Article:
The e-puck is also equipped with eight outward-looking infrared sensors for obstacle detection and avoidance. The front four sensors were used for this work. The effluent image was approximately 200 μ m in diameter, and the poster approximately 90 c m square, so a scaling factor of 1:4500 was assumed between simulation and experimentation for both experiments.
The basic chemotaxis algorithm was allowed to run for 100 iterations, and the RapidCell algorithm for 500 iterations, to give each time to explore any effluent present. It was observed that in every case when the basic chemotaxis algorithm found detectable chemical, it converged on a local maximum by 100 iterations. An overhead webcam was used to take images of the arena after each control cycle. Each cycle consisted of 0.5 s of run-time plus 5 s in order to give the overhead webcam time to take an image and save it to hard disk. With the lid shown in Figure 4a, a simple two-dimensional template matching was used to locate the e-puck in each image, and an orthographic projection was used to localize the robot within the arena, similar to [42].
For each cycle of the basic chemotaxis control loop, the robot took a sample of the chemical concentration. The e-puck then used Equation (2) or Equation (3) to map the grayscale sensor input to a particular chemical concentration value, while the simulated robot determined the concentration through an a-priori fixed function and the current position obtained from the simulator. The concentration was then sent to the chemotaxis model, which generated a Turn and MoveForward velocity in the basic chemotaxis algorithm presented in Figure 6.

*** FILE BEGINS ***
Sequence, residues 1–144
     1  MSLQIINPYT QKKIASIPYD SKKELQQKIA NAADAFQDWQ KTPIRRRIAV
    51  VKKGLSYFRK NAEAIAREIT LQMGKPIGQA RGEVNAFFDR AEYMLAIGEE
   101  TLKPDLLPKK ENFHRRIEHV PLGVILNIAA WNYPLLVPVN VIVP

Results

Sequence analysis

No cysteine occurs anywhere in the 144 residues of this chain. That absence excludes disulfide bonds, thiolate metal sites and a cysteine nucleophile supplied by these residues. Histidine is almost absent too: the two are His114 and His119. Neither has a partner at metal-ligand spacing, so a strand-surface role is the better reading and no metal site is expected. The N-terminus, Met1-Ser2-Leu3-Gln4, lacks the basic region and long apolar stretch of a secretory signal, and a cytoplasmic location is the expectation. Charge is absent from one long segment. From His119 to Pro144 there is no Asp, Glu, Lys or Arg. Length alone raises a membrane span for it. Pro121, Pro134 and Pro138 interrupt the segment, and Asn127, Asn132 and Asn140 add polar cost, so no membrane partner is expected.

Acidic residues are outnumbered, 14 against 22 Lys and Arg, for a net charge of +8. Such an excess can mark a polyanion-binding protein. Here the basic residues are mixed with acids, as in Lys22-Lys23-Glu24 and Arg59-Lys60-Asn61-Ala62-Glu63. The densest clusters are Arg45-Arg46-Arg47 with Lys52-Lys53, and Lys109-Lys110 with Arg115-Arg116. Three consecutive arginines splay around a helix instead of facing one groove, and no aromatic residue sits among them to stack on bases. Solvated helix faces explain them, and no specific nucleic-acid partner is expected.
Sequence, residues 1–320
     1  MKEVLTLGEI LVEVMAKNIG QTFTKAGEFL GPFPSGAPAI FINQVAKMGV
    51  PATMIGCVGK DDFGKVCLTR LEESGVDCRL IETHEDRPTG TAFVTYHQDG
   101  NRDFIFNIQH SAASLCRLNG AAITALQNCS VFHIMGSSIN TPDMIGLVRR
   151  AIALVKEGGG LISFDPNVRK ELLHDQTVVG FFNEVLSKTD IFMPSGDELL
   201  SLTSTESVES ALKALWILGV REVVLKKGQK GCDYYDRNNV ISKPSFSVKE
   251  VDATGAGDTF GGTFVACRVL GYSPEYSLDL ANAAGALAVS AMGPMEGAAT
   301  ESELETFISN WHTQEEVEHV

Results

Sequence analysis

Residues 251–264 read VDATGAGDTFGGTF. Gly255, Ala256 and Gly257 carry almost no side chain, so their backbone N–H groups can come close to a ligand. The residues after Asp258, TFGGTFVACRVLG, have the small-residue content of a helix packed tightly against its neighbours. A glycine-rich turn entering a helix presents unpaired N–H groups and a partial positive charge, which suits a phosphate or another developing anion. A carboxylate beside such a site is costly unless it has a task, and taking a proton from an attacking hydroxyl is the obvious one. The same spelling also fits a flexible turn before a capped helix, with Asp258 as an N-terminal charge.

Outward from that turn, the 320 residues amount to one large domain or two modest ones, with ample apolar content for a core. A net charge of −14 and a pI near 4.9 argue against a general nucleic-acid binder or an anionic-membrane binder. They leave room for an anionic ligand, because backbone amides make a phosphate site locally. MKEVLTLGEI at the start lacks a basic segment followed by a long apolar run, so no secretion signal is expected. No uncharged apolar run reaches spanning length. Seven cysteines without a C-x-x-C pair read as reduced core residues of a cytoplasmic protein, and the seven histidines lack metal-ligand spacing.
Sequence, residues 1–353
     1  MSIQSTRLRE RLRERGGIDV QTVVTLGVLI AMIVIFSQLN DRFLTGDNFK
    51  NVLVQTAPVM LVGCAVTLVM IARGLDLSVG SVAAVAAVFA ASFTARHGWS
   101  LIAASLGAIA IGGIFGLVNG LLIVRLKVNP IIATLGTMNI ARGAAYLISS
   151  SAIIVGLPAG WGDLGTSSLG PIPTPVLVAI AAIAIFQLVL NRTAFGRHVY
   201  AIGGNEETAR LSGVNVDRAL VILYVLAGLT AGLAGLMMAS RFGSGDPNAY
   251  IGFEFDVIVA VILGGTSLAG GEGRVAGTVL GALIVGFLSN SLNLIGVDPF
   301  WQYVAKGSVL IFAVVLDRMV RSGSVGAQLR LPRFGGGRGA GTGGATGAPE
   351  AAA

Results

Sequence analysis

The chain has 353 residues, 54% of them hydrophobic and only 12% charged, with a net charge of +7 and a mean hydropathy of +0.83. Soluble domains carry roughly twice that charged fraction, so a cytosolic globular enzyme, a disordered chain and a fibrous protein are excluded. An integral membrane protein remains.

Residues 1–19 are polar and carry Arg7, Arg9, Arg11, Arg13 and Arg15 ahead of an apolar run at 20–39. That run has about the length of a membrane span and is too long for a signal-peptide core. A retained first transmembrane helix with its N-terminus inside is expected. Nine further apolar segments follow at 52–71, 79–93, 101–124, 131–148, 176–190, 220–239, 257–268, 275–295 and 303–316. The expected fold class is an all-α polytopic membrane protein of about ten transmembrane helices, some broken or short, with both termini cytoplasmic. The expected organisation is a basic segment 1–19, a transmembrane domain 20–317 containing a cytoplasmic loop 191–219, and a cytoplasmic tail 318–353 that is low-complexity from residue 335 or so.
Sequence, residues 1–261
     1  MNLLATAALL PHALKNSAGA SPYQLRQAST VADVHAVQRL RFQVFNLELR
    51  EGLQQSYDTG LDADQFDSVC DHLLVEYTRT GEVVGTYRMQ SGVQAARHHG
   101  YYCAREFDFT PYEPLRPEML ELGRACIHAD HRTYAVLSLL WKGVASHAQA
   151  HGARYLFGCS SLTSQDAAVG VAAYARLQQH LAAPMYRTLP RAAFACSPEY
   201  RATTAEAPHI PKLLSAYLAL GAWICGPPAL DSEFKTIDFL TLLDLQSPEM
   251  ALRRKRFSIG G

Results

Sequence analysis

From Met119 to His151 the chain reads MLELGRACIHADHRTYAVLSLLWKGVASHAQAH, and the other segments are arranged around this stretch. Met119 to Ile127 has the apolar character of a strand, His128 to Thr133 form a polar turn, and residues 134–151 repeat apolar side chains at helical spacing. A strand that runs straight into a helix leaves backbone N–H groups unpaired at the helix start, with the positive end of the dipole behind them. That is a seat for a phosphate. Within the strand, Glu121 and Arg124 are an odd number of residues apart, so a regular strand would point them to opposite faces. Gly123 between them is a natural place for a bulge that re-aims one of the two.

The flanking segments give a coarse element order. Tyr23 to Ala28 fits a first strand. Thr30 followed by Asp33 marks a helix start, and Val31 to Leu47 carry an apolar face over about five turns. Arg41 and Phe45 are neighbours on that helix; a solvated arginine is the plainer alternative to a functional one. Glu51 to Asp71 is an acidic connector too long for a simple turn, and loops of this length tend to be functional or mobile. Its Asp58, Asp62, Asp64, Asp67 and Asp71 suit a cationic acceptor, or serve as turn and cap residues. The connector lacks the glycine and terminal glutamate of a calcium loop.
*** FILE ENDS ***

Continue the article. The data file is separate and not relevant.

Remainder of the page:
For the RapidCell control loop: when the controller was started, the robot took a large number of samples of the initial concentration of the chemical and passed it through the RapidCell model. This allowed the methylation m, and other parameters to adjust to the initial environment. After this initialization, the robot began the RapidCell control loop. In each cycle of the loop, the robot took a sample of the chemical. The concentration was then sent to the chemotaxis model, which generated an updated methylation value m and motor bias m b , which was a number between 0.0 and 1.0 . The motor bias was treated as the probability of a run on that control cycle.

2.6. Measurements of Success

We assumed the goal of the robot was to explore all locations within the region of interest with detectable chemical concentration. We propose the following measurements of success as we compared the results from the basic chemotaxis algorithm and the RapidCell algorithm.
There are several regions that we reference below, which we formally define here:
Definition 1.
The Region of Interest is the entire rectangular area from 100 μ m to 100 μ m in both horizontal and vertical directions, possibly containing chemical effluent. The total area of this region is A t o t = 40,000 μ m 2 .
Definition 2.
The Capture Region is, for the RapidCell controller, an area the robot will remain in once it has entered. Informally, the robot is captured in this region. It can be thought of (roughly) as the region where the effluent concentration is detectable.
Definition 3.
The Peak Region is the area immediately adjacent to (within 1–2 body lengths of the robot) the maximum concentration of effluent.
We also define a replicate as an iteration of the simulation or experiment with a particular initial position (all the initial positions are shown in Figure 2).